111. Patty’s Voice

Baby’d cried since
Breakfast from the heat.
Sitting these days
More and more at home,
Bud was finding
More and more done wrong.

“Lord!
I’ve seen tenant
Houses peacefuller!
Tenant brats they
Lay there, they don’t howl.
Lay there and just
Take it. Don’t
Hear them squalling
To be fed.”
Bud said tenant
Wives made kids behave:
Set in boxes, drawers, these
Infants not so much as
Turned their heads.
They just lay.
These tales pleased him,
But left her
Uneasy–she’d
Leave and change
The baby once again.

He was gone now–
Gone to “check the land.”
Nothing there–
He checked twice a day.
As he read
The paper twice, each page.
As downtown he
Walked each afternoon,
Bought a penny
Ledger, mints for Matt.
Then God help Matt
If the boy ran off
Forgetting “thank you,”
Or to stand in place
In gratitude–
“It’s great candy,
Dad.” Patty
Blessed the blaring
Radio. The papers
Made Bud mad.

On this morning,
Mrs. Moore dropped by.
“Coffee?” Patty asked.
Mrs. Moore used
Boiled nuts for coffee:
“Yes! Sure would.” She
Settled on the couch.
Patty poured. Then, lap
Already soaked with sweat, she
Held the baby, shrilling.
“Try her barefoot,”
Offered Mrs. Moore,
“It’s feet makes them
Cool. Don’t need
Booties, this hot.” Patty
Pulled them off:
“My ma made them.”
She paused–“Nice to
Touch.”

Her guest
Sized her up:
“You begun to
Show.” Patty
Blushed. “Well, I’m
Due this fall.”
“How old now’s this
Little one?”
“Six months.”
Mrs. Moore’s eyes
Lowered. She took cream:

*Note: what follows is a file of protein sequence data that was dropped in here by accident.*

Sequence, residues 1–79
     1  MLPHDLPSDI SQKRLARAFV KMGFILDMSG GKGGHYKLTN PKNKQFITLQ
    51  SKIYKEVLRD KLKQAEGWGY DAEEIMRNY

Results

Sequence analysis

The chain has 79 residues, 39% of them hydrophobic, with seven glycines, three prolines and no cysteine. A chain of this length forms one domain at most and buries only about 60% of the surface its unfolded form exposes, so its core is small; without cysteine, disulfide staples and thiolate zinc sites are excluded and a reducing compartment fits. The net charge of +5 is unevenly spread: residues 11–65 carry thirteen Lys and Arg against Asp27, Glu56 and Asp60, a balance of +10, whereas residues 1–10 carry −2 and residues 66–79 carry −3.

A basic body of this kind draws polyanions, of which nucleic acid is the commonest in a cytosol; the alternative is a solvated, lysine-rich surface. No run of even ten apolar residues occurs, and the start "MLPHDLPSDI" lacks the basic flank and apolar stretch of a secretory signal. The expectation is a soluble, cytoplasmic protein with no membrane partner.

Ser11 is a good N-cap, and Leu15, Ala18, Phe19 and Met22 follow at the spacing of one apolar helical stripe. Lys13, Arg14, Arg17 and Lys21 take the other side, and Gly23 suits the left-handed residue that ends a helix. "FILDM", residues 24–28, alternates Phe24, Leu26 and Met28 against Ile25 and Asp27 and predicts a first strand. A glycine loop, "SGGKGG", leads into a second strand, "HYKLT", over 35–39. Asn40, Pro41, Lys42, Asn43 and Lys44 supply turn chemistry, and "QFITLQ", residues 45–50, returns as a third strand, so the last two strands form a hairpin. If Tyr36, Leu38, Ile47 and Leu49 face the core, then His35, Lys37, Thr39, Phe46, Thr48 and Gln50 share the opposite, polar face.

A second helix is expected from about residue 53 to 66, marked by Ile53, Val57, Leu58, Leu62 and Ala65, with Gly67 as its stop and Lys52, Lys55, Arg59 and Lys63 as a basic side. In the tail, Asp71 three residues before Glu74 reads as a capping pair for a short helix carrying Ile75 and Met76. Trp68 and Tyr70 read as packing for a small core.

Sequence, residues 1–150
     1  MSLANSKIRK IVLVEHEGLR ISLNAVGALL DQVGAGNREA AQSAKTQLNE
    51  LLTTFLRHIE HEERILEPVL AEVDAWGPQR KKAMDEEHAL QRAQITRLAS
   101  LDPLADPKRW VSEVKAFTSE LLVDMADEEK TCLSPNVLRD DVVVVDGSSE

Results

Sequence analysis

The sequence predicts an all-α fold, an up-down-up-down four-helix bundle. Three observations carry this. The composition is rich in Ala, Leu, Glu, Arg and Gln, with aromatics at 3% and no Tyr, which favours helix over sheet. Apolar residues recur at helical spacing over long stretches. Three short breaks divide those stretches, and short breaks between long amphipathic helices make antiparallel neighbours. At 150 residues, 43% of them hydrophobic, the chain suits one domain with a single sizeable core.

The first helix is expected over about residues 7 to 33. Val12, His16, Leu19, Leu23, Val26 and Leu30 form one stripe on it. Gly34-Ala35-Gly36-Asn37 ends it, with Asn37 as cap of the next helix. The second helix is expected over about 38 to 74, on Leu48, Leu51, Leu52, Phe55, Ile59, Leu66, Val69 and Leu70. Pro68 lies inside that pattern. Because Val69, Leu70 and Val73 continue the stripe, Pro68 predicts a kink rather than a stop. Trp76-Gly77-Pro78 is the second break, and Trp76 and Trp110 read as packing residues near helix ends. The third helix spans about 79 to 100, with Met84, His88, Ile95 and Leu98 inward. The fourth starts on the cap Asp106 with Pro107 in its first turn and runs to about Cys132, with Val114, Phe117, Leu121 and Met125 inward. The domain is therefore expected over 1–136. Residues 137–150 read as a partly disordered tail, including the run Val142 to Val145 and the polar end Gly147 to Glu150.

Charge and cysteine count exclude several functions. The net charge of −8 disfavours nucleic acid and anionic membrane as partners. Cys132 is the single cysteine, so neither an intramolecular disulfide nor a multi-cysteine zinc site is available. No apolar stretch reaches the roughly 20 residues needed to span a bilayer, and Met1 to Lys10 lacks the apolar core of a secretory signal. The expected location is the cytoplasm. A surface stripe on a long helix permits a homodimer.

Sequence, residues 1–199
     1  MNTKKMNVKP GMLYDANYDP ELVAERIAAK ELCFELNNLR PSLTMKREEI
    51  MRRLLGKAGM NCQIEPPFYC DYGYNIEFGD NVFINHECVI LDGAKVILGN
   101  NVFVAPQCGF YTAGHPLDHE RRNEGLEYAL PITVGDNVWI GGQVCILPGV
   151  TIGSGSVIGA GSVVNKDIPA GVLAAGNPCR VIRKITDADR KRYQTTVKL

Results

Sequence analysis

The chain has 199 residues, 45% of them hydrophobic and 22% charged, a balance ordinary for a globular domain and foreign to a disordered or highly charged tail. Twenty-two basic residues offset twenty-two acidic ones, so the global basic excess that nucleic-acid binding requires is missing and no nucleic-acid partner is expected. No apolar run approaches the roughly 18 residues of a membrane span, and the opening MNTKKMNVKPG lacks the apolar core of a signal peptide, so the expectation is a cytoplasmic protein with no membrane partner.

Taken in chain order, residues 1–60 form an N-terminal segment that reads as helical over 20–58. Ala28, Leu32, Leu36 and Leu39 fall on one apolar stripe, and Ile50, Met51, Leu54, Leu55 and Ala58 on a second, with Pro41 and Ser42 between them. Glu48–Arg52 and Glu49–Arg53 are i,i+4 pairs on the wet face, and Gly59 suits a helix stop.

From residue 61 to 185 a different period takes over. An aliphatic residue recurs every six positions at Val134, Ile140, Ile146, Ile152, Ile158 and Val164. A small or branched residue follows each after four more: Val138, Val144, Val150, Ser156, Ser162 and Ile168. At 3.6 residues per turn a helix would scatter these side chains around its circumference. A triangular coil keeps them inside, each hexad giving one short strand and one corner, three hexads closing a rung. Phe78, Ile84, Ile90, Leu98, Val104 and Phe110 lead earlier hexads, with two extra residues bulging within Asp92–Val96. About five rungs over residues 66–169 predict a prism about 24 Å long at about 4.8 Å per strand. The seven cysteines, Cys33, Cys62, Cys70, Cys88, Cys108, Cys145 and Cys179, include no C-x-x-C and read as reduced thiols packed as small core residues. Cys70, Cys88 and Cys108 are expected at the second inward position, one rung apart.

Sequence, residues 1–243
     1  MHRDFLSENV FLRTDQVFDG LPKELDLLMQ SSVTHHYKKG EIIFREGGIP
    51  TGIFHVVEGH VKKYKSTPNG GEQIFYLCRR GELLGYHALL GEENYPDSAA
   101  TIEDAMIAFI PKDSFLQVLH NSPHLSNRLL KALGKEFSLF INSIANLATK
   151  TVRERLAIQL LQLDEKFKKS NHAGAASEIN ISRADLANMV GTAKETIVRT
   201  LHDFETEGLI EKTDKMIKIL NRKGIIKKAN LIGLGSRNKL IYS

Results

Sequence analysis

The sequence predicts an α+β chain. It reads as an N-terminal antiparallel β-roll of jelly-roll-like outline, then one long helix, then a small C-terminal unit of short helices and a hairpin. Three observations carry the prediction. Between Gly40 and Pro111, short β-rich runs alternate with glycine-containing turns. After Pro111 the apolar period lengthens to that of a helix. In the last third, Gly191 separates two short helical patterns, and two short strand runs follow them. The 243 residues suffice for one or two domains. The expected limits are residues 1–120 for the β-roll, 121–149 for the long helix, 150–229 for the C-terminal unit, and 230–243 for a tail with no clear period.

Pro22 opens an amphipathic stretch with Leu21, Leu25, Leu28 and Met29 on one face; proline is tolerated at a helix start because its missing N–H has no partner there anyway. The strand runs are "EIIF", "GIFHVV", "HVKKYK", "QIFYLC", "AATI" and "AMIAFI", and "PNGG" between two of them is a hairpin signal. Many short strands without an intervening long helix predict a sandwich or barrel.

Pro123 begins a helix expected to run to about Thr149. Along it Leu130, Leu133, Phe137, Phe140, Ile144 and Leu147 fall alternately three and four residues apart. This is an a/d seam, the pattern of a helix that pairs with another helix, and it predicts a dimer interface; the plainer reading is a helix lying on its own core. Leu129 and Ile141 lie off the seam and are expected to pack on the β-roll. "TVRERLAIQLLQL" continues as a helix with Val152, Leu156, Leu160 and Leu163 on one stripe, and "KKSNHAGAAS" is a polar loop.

“I recall,” said casually,
“I kept each of
Mine at breast two
Year.” She emphasized:
“Each of them, two
Year.” Patty
Said, “Mine goes
Dry before.” Mrs. Moore
Considered. They drank
Coffee, their cheeks
Moist with steam.

“So…just had
three?” said Patty.
“Yes, three. Long ago. So
In another–five months?–
This one be your
Knee-baby, one new.”
Mrs. Moore appeared
To muse on this.
“Peculiar. I note,
Some has them like
Clockwork, one each year.”
Patty gripped her
Cup: what did she mean?
“My Mr. Moore, you
Know him. Know he
Chews?”–seemed
The subject changed.
“No.”
“Always did,
Tobacco. Nasty stuff.”
Mrs. Moore seemed
Filled with purpose now.
Patty sipped.
She tensed as
The woman touched her knee:
“Know what my ma
Said my wedding day?”
“I don’t.”
Mrs. Moore leaned
Forward, more
Intent. “She said, ‘Sarah,
If you don’t want
Big mess in your kitchen,
When he spits make
Sure it’s out the door.'”
Baby squealed.
Patty felt quite ill.
“Best advice my
Mother ever gave.”

“I’m sure…” Patty rose.
As the baby
Shrieked more loud, Bud
Entered–angry,
She could see: “Still
Caterwauling?
Mrs. Moore!
Won’t you teach my
Wife to shush a child?
Reckon Patty
Missed that day in school–
That, and long division.”
Mrs. Moore smiled coyly–
Ugly, Patty thought–then said,
“Mr. Hines,
Cute as this child
Is, and with her
Daddy’s eyes,
You won’t even
Stand a tiny fuss?”
Bud smiled, pleased.
“Mrs. Moore, now,
Don’t you sweet-talk me.”

Patty stared: he
Never smiled on
Her. What on
Earth could she be
Doing wrong? Why’d
Baby cry?
She looked down
Embarrassed at her skirt–
Damp spot near the waistline
Where she showed.
She tried shifting
Baby to that
Place. Its cries
Did not cease.

Her voice straining,
“I don’t know!” snapped
Patty.
They stared at her
Answer: no one’d
Asked.

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